Mahatma Gandhi’s autobiography is the story of his ‘experiments with truth’. So was his life. They are both inextricably linked, and together they influenced, inspired and instructed his contemporaries, as well as thinkers, activists, social workers and reformers who came after him. The engagement with Gandhi’s ideas was not uncritical in his lifetime, nor has it been since. His immense relevance then and now is precisely because what he lived and preached, above all, was inquiry, examination and introspection as the means to transforming the self and society.
The essays in this book examine the substance, impact and continuing relevance of Gandhi’s experiments. There are essays on the influence of both Eastern and Western philosophies on Gandhi’s ideas of satyagraha, ahimsa and self-reliance; on the ways in which Gandhian philosophy has transformed women’s lives and how Gandhi animates contemporary children’s literature; on Gandhi and democracy and Gandhi and social activism; on the complex relationships between the philosophies of Gandhi and his contemporaries like Tagore, Ambedkar and Bose.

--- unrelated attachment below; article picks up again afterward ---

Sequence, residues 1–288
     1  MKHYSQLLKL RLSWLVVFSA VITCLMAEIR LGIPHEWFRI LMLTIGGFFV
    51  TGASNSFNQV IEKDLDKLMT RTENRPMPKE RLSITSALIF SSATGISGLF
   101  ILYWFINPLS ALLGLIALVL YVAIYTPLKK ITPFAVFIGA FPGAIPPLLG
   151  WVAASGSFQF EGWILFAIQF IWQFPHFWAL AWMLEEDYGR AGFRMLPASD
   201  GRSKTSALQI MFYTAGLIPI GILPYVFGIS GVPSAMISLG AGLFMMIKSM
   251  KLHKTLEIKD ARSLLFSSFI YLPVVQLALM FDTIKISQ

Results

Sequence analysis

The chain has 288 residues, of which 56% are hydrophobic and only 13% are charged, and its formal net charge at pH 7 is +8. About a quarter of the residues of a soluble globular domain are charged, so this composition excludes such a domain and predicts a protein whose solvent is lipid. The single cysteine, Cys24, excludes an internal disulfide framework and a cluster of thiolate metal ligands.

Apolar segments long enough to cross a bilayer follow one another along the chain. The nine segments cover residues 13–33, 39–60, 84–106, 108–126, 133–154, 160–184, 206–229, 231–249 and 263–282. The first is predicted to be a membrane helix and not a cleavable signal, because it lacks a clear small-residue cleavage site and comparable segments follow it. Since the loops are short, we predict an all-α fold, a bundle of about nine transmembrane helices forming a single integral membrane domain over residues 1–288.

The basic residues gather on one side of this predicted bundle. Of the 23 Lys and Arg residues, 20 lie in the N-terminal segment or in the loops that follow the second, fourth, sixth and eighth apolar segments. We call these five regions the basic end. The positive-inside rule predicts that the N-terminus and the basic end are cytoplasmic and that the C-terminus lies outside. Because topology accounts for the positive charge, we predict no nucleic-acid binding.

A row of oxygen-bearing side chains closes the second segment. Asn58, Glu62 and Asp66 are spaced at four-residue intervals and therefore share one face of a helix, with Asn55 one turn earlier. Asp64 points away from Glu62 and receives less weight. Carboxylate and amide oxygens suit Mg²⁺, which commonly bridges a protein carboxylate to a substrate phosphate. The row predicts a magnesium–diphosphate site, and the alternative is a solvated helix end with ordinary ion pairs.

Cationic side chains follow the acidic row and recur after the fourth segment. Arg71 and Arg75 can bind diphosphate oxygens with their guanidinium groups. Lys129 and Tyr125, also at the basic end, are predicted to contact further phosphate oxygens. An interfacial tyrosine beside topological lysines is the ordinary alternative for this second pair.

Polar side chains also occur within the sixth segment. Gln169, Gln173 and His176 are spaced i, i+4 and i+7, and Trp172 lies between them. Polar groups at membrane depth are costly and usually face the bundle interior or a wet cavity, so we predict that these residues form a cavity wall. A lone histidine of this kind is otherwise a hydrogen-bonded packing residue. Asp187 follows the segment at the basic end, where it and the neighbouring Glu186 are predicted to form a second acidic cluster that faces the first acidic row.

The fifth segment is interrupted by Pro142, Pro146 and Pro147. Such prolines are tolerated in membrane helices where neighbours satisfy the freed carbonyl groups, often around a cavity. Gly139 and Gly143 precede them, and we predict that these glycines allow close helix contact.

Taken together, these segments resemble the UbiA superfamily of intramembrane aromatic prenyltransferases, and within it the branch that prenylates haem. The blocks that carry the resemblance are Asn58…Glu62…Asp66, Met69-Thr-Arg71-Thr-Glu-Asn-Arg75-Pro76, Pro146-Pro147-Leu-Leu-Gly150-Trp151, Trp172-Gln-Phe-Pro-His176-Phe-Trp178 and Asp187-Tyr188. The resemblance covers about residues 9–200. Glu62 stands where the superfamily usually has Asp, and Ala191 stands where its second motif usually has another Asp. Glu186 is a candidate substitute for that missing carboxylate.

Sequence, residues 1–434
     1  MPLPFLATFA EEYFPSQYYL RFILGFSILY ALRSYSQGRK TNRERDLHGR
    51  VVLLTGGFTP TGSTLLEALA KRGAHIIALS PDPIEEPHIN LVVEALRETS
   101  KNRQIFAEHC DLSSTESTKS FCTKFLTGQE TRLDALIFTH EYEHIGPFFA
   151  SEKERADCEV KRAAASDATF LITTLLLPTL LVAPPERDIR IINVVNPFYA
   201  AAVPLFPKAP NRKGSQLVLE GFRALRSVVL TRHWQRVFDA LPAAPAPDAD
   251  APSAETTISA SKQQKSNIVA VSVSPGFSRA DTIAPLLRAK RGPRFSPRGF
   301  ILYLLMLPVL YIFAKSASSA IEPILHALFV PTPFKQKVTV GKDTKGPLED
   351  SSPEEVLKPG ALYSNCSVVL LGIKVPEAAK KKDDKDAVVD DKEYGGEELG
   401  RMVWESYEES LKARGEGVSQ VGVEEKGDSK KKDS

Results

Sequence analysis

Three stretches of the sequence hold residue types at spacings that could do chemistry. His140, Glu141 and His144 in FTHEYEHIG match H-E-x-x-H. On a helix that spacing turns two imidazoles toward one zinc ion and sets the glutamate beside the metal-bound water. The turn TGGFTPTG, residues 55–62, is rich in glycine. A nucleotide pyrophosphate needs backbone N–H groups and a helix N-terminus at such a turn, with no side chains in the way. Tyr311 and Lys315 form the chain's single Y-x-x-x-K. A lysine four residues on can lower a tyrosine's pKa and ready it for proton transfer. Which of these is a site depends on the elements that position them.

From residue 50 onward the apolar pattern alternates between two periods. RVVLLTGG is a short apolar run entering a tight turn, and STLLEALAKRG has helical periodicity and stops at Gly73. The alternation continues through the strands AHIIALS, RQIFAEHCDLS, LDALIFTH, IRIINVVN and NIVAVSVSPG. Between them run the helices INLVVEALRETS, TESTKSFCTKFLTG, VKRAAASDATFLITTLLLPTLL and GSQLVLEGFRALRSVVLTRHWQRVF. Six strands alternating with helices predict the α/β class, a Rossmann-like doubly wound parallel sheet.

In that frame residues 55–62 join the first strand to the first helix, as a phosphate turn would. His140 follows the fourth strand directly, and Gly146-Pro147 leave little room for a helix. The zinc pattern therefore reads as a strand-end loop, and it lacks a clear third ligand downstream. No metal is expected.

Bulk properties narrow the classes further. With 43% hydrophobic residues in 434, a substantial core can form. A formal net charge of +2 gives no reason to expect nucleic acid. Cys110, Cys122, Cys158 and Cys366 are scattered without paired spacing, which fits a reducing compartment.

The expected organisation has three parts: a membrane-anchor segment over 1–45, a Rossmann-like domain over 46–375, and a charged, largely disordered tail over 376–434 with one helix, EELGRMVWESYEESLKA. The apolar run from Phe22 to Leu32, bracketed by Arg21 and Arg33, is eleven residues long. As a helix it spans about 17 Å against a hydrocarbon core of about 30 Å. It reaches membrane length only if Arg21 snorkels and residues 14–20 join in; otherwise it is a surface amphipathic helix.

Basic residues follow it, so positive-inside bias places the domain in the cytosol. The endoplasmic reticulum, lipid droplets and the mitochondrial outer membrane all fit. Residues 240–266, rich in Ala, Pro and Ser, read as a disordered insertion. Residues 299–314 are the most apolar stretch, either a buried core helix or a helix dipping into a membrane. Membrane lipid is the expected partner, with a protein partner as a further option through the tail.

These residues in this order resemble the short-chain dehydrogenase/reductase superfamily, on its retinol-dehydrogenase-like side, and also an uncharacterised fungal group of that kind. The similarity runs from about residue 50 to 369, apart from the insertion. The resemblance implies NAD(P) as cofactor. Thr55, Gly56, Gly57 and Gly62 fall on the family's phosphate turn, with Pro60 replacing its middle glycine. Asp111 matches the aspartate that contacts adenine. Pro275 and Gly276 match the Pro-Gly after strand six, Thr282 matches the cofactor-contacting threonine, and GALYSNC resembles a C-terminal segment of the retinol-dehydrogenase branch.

This scholarly and insightful collection, contextualized by a brilliant foreword by the noted academic and political theorist Bhikhu Parekh, is a significant contribution to Gandhian studies.